New Delhi: On February 1, Finance Minister Nirmala Sitharaman will present her second union budget for the financial year 2020-21 in Parliament. Last year, the finance minister in her maiden budget had said that Swachh Bharat Abhiyan 2.0 would shift focus from toilet construction to waste management, and will focus on sustainable solid waste management in every village. She had said that apart from sustained effort towards behavioural change, the government will harness the latest technologies to transform waste into energy and undertake sustainable solid waste management.
Last year, Rs. 9,994 crores was allocated for Swachh Bharat Mission Rural and Rs 2,650 crores for Swachh Bharat Mission Urban, with a total allocation for the campaign of Rs. 12,644 crores. This was around Rs. 5,199 crores lower than the budget allocated in 2018-19. In FY18-19, the mission got an outlay of Rs. 17,843 crores.
Expectations from Budget 2020
Talking to NDTV about the expectations from the upcoming budget and highlighting why the government really should focus on waste management, Swati Singh Sambyal, Programme Manager, Environmental Governance (Waste Management), Centre for Science and Environment said,
Budget 2020 should have enough allocation for government’s Swachh Bharat Mission, considering last year’s allocation observed a 31 per cent decline. Presently, cities in India have worked on segregation (marginally) but processing and disposal still remain a challenge. Keeping enough funds for sanitation and waste management for states would be pertinent. Also, I am hoping in order to encourage a circular economy, recycling and reuse of resources, the tax slabs for virgin material should be kept much higher as compared to waste/recycled material.
On the other hand, Nalini Shekar, a social activist and a founder of Hasiru Dala (Green Force), a non-profit organisation that is helping marginalised waste pickers in Bengaluru highlighted the importance of building infrastructure for effective waste management. She added,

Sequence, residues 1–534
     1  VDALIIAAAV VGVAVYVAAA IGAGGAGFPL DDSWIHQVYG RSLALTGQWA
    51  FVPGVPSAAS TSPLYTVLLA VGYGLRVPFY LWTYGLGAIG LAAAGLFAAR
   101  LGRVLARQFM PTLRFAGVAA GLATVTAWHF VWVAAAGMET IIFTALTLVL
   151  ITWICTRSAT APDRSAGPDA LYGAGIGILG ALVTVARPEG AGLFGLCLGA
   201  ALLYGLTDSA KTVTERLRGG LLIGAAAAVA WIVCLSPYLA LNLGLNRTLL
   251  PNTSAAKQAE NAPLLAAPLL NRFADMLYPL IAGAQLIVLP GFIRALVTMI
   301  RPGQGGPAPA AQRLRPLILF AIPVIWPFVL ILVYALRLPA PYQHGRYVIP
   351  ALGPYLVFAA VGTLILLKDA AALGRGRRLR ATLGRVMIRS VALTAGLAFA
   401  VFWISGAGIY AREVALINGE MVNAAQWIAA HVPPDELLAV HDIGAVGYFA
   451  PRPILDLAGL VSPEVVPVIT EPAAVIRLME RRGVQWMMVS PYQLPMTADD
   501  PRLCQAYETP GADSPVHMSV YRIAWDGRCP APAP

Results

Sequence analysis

We have seen enough campaigns for Swachh Bharat Abhiyan and waste management. This year, the Budget 2020 should really focus on setting up decentralised infrastructures and involve waste pickers and sanitation workers in the chain of effective waste management practices by the country.
Chitra Mukherjee, Head, Advocacy and Policy, Chintan, an environmental NGO that works for sustainability, also underlined the importance of decentralised waste management infrastructures and said,
The government in this year’s budget should give importance on incentives for composting, subsidies to sustainable technologies and promotion of decentralised waste management by setting up colony-level dry waste collection centres for plastics and e-waste. Moreover, should focus on capacity building of informal waste workers for livelihoods and involve them in the waste management chain. On the other hand, awareness campaigns around segregation and around dangers of single-use plastics usage should continue and the government should aim to involve more and more citizens.
Dr Amiya Kumar Sahu, Founder and President of National Solid Waste Association of India, a non-profit organisation working in the field of Solid Waste Management in India, shared his expectations from Budget 2020 and said,